Elephants are not anatomically built to carry you around

DIMITHRI WIJESINGHE – themorning.lk

Elephant riding and hands-on interactions are hugely popular all across the globe, especially in South Asia. However, there is a dark side to these activities that have come to light in recent times that we should all be aware of.

In recent years, evidence of the cruel training practices used to “break” an elephant’s spirit has been widely exposed, especially through social media, but despite a growing international and also local move towards more responsible captive animal activities, elephant riding is still widely available.

While the inflicting of torturous practices to break the animal’s spirit is widely criticised, there is a lesser known element to the conversation – although elephants are large and strong, they are not built to carry weight on their backs, especially considering their anatomy. Instead of smooth, round spinal discs, elephants have sharp bony protrusions that extend upwards from their spine and these bony protrusions and the tissue protecting them are vulnerable to weight and pressure coming from above.

Veterinarian and conservationist Dr. Deepani Jayantha further explained the elephant’s anatomy stating: “Elephant vertebrae are with rough surfaces, ridges, and protrusions. Those are to bind with the heavy musculature of the animal. Thoracic vertebrae are special; they bear dorsally protruding spinous processes. This skeletal structure of the elephant thorax makes the spine bony (projectile) and uneven (undulating),” she said, adding: “These skeletal features are visible in normal (healthy) individuals. Bony protrusions are not seen in obese animals with high body condition scores.”

For context, Dr. Jayantha shared a rough comparison with horses. “Horses are being bred over generations to improve chosen traits. Elephants are not domesticated as such. They are usually wild-caught or bred in captivity, only for a very few generations. In other words, captive elephants are not selectively-bred to carry loads on their back.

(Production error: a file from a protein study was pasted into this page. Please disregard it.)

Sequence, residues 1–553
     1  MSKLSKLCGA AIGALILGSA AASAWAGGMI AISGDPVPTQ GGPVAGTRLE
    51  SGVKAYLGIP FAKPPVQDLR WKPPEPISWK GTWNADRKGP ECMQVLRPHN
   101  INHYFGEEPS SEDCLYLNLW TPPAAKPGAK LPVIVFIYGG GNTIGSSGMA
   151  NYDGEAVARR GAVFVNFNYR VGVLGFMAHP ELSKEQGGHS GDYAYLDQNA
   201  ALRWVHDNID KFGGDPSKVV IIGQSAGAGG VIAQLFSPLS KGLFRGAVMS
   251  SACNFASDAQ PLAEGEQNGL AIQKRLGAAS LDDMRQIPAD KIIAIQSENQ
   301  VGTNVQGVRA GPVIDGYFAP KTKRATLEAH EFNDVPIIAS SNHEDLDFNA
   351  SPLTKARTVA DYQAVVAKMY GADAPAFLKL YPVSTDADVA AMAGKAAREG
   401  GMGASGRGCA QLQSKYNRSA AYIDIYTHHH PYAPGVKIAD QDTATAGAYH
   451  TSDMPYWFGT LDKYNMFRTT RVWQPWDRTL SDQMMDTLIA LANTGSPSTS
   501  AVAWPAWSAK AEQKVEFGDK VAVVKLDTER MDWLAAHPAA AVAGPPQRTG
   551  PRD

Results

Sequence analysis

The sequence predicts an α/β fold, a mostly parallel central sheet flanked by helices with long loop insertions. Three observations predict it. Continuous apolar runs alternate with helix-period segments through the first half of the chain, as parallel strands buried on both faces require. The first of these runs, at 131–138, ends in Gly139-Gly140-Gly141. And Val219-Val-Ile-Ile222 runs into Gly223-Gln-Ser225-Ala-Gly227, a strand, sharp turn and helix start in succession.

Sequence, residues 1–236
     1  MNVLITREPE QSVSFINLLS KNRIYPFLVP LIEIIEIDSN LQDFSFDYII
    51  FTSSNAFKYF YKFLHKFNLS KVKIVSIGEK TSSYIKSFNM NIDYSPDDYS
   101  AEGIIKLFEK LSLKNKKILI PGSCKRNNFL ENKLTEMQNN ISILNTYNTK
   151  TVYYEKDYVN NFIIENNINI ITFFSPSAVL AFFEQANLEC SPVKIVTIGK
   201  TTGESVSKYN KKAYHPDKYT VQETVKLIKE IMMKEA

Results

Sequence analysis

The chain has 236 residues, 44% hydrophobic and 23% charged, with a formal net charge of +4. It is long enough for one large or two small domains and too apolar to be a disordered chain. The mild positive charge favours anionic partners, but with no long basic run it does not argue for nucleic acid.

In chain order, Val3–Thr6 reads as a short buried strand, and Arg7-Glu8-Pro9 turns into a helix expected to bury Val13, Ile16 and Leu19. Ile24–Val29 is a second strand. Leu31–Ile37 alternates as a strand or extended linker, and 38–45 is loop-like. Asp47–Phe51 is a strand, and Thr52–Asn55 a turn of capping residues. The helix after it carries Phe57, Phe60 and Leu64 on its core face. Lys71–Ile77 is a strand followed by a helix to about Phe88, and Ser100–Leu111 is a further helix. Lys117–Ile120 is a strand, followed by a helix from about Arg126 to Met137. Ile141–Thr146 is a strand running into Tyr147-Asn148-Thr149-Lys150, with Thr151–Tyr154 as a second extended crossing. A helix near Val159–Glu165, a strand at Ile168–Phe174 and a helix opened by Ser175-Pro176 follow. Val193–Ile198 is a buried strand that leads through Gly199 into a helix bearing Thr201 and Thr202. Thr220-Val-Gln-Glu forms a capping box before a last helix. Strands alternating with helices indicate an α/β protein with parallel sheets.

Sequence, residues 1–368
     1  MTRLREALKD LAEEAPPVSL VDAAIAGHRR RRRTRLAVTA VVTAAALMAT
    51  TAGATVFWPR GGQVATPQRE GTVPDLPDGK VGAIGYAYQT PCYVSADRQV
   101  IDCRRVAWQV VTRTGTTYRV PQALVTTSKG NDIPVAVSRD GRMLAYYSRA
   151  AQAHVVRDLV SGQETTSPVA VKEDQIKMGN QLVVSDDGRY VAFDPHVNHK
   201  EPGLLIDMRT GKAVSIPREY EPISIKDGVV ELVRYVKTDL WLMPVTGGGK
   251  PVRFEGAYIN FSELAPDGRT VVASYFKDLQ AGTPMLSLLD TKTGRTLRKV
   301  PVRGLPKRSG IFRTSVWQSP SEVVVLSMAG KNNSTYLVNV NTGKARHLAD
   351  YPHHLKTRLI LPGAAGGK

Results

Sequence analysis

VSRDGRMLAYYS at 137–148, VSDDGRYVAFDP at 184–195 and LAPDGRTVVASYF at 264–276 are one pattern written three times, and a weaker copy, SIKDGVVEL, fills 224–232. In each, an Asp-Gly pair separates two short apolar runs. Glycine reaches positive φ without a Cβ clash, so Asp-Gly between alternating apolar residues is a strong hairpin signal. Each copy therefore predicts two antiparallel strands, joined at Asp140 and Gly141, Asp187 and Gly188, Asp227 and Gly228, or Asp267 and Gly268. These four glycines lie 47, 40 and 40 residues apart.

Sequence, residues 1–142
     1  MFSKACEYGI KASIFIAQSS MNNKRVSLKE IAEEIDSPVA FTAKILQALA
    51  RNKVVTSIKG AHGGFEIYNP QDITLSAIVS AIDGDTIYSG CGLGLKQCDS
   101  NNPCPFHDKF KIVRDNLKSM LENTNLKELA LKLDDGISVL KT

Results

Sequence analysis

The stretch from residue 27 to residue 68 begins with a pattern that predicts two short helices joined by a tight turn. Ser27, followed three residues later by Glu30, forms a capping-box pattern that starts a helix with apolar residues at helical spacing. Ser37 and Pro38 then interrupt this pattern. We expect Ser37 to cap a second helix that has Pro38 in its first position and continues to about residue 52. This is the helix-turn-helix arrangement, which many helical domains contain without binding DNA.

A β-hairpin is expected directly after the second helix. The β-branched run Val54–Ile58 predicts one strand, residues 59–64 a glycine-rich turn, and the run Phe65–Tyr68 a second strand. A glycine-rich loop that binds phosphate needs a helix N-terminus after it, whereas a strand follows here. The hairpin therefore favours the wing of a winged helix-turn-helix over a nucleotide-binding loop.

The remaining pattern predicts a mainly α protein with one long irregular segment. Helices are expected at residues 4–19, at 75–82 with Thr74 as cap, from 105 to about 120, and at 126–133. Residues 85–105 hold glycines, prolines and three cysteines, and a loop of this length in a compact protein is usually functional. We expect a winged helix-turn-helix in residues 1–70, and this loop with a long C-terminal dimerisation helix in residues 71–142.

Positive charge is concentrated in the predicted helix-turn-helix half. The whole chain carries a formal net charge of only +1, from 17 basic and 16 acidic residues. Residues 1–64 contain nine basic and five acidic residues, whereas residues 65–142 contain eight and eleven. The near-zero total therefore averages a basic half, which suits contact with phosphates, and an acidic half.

“It is clear that only people’s comfort is considered in using elephants in tourism,” she said.

We also spoke to Senior Veterinarian Prof. Ashoka Dangolla who stated: “If you take humans who are also vertebrates, we can reasonably carry about 1/10th of our body weight comfortably on our heads or on our backs, however that does not mean we should carry such weight every day. Elephants too are able to carry a reasonable amount of weight if they must. However, just because you can, doesn’t mean you should,” said Prof. Dangolla.

He also stated that much of the problems come from how the weight is strapped on to the animal, and that the elephants’ anatomy must be taken into account when this is being done, which was further reiterated and explained by Dr. Jayantha who shared: “The thoracic region of the elephant has 20 vertebrae that carry ribs, and the last 5-6 ribs are not attached to the sternum thus free-floating. Free ribs help allow expansion of the lungs which is important in uninterrupted respiration,” she said, making note that the howdah is typically fixed tight to the ribcage.

It is evident that the spine of an elephant is anatomically not built to carry weight on its back. The combined weight of the mahout, the seat, and the passengers could possibly be too much for the elephant’s back, especially to carry on as a regular practice.

The sharp bony protrusions that extend from the spine in an upwards direction and notably, the restricting way of fastening the howdah to an elephant’s back as described by the veterinarians, all cause great discomfort and difficulty to the animal.

And when you take into consideration that an elephant is often forced to carry about 450 kg on its back, taking into account the combined weights of a mahout and up to four adult tourists, it makes matters worse that the carriages remain on the elephant’s back, even when they’re resting.

While the question of should we be using animals for tourism activities in this way is a question that animal welfare activists have brought up, perhaps next time we can also consider the questions as to whether the the animal could physically bear these pressures and if it is truly worth it to put a living creature through a painful ordeal for the sake of a new experience and a fun holiday capture.

News Source

Chandana Sesath Jayakody

Read Previous

Over 500,000 Hectares of Forest Land at Risk

Read Next

Too Fast, Too Soon? Sri Lanka’s Fertiliser Ban And Organic Farming Ambitions

Leave a Reply

Your email address will not be published. Required fields are marked *

Translate »